Your feet propped on your desk, you cup your hands behind your neck and stare at the ceiling, grinning. You are more than ready to start on the next earth shaking novel. That is, until a series of thing occur at almost the same moment.

Your boss calls to say that since you couldn’t bother to show up for work, they no longer need your rather pathetic services.

The editor in chief emails you, telling you in no uncertain terms that you will never pull such a stunt ever again. You gave them the book when you submitted it. That your unilateral decision to do serious revisions wasn’t approved by them first, and that you are already in violation of your contract. There’s another note at the bottom of that scorching email, something about cover art attached.

You open the attachment and your jaw hits the floor. This isn’t the cover you commissioned from a very reputable photographer. That silhouette staring at the sky is a blog, not the model you promised would have her big break by being on your book. What is going here?

You are about to send off a scathing email of your own when you notice one from that person calling themself your editor. They’ve sent you the first round of edits. First round, you think. My book doesn’t need more than a cursory look over. Not a first round. What is this fool trying to do? Are they trying to steal money from my publisher that belongs to me?

That’s when you notice another email from your publisher. This one is from a person saying they’re the chief operating officer. First, they received an invoice from a photographer and model, who are under the mistaken impression that you had the right to engage their services to create your cover art. That simply isn’t the case. You read each word of the explanation, your fury rising to explosion levels.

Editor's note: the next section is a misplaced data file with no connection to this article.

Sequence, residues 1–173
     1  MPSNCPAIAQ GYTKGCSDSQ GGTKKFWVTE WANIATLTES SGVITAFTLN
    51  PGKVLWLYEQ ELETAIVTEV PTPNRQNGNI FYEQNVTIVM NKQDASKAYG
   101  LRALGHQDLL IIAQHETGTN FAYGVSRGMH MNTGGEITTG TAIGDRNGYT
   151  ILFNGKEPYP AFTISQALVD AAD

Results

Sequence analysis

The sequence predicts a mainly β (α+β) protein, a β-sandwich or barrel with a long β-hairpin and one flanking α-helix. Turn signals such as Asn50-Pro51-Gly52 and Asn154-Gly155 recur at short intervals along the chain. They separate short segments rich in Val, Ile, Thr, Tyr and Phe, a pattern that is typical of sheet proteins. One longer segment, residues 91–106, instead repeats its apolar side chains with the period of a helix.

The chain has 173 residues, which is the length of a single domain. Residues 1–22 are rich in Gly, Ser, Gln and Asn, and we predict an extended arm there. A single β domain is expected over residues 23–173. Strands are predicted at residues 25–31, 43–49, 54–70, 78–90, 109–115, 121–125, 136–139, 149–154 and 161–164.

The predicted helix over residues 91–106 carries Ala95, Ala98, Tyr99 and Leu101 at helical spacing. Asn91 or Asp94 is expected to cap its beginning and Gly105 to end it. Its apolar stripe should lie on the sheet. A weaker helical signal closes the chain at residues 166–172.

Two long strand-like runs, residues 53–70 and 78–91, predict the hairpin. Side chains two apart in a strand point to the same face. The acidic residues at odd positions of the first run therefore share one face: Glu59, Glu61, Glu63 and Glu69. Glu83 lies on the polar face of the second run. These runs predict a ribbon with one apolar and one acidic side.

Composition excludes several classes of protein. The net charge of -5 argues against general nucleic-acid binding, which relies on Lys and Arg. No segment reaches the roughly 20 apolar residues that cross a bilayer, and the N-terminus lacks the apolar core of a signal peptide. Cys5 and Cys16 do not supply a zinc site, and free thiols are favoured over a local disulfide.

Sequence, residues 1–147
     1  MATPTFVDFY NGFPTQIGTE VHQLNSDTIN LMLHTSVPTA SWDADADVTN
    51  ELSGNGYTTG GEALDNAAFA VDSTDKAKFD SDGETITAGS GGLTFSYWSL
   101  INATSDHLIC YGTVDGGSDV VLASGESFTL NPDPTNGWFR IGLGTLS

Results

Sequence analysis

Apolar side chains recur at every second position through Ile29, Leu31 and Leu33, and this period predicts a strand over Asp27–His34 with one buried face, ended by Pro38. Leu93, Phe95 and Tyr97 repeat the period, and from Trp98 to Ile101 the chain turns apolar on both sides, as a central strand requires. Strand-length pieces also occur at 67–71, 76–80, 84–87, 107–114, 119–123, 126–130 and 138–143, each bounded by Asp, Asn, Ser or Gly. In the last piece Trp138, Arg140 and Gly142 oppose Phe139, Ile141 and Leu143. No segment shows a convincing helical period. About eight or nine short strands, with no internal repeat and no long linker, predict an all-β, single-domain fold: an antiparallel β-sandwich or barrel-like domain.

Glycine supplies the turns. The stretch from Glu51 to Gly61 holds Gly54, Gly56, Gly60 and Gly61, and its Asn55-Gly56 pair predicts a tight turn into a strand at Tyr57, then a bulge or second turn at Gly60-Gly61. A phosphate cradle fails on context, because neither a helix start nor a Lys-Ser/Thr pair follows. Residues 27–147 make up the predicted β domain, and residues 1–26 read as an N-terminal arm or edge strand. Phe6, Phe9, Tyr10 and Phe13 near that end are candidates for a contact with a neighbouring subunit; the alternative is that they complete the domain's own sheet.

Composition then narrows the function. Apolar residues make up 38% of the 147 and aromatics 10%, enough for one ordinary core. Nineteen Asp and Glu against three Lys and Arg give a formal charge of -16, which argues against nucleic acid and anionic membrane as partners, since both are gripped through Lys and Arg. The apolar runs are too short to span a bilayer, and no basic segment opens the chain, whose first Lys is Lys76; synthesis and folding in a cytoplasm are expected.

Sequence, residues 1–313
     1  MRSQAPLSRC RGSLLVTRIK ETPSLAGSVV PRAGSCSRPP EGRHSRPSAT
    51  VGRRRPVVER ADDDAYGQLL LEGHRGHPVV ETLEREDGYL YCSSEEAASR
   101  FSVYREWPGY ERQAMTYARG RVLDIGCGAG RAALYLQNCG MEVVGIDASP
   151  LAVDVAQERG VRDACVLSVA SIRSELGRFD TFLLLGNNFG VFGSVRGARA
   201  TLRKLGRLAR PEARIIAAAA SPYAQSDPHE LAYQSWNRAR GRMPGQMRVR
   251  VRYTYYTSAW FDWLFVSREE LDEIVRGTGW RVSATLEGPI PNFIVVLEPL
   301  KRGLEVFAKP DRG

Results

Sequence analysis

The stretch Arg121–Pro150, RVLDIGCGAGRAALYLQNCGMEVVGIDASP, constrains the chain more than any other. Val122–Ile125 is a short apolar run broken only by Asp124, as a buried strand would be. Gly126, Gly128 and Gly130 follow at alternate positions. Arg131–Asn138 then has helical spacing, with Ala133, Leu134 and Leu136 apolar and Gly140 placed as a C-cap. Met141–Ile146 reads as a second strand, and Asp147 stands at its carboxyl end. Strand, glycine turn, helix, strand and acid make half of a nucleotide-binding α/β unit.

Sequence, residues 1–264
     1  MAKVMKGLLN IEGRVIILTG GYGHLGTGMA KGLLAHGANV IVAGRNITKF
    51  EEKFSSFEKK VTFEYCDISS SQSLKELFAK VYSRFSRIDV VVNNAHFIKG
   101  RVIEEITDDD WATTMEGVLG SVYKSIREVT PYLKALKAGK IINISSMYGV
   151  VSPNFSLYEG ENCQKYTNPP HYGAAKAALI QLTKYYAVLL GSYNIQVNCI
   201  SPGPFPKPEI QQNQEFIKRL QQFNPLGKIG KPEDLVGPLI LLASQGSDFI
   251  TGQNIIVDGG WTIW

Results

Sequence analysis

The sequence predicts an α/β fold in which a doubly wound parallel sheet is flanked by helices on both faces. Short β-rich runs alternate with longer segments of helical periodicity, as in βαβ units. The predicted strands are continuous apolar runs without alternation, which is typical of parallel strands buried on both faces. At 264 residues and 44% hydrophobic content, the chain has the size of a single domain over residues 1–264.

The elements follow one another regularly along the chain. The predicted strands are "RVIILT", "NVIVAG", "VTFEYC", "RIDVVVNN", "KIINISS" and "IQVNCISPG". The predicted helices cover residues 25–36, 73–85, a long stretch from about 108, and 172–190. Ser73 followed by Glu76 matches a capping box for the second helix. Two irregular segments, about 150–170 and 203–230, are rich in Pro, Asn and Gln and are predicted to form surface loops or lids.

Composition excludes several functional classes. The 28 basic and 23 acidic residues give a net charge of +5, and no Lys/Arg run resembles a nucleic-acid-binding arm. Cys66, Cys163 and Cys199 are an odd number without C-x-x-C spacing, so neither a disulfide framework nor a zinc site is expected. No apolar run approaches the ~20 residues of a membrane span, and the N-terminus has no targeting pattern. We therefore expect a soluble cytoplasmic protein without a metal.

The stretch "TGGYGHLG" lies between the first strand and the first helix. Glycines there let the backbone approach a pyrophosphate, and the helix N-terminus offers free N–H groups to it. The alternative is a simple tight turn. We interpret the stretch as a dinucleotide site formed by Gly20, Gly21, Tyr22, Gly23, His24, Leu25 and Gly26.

Email after email pours in. Each slaps down your preconceived notions of what a publisher can do for you. Reality begins to set in. You may have overestimated a few things.

You decide you better get to work, so you can pay the photographer and model, and a few important things like rent, food, utilities, etc. Then you remember your boss fired you. Just when you think things can’t get worse, you open the attachment from your editor and see all of this red everywhere. You have to approve these edits and get them back within a week.

There are two ways you can go at this point. Humbly accept that you overestimated the power of your first book and move forward, or decide to maintain your attitude and “force” everyone to do things your way. The first action might not get your job back, but it will appease your publisher’s staff. The second will bury you deeper than the quicksand you’ve jumped into is dragging you under.

Publishing in the twenty-first century has changed a lot. First of all, indie publishers of the type where you’ve signed a contract, don’t operate like the major publishers. Even the major publishers don’t act like you’re dreaming of. It’s a streamlined publishing world out there. No longer do publishers offer massive advances that might or might not sell enough books to recover. Indie publishers don’t wine and dine their authors, they don’t arrange huge book tours from town to town, with stops on major television shows to tout their genius.

Be ready for several things as an author in the twenty-first century. You must cooperate with these streamlined operations. You will do the bulk of your promotion, with costs coming out of your own pocked, so keep the day job. And you will be expected to cooperate with the publisher’s staff and abide by the terms of the legal contract you signed.


Remember this as you take that step into becoming a published author—very few people skyrockets to the top with their first novel. Not even their second or third novel. If you want to become an author,  you will have to work hard, and not just writing your book.